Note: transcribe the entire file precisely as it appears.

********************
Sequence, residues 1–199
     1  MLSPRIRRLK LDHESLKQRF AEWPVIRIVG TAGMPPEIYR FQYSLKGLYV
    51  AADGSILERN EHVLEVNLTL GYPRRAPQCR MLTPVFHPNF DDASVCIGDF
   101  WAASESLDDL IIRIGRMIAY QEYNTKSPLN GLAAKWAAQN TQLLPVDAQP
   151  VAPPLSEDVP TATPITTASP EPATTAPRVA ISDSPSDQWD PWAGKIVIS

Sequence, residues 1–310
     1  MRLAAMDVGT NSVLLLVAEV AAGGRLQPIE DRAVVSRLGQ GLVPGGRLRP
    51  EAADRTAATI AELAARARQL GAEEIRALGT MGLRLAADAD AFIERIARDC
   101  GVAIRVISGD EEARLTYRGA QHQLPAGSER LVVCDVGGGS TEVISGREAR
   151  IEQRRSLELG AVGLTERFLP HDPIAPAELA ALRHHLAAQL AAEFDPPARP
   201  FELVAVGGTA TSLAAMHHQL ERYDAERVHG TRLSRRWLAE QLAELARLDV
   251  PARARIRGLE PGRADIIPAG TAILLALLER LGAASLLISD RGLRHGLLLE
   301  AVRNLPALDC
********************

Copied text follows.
Sequence, residues 1–199
     1  MLSPRIRRLK LDHESLKQRF AEWPVIRIVG TAGMPPEIYR FQYSLKGLYV
    51  AADGSILERN EHVLEVNLTL GYPRRAPQCR MLTPVFHPNF DDASVCIGDF
   101  WAASESLDDL IIRIGRMIAY QEYNTKSPLN GLAAKWAAQN TQLLPVDAQP
   151  VAPPLSEDVP TATPITTASP EPATTAPRVA ISDSPSDQWD PWAGKIVIS

Sequence, residues 1–310
     1  MRLAAMDVGT NSVLLLVAEV AAGGRLQPIE DRAVVSRLGQ GLVPGGRLRP
    51  EAADRTAATI AELAARARQL GAEEIRALGT MGLRLAADAD AFIERIARDC
   101  GVAIRVISGD EEARLTYRGA QHQLPAGSER LVVCDVGGGS TEVISGREAR
   151  IEQRRSLELG AVGLTERFLP HDPIAPAELA ALRHHLAAQL AAEFDPPARP
   201  FELVAVGGTA TSLAAMHHQL ERYDAERVHG TRLSRRWLAE QLAELARLDV
   251  PARARIRGLE PGRADIIPAG TAILLALLER LGAASLLISD RGLRHGLLLE
   301  AVRNLPALDC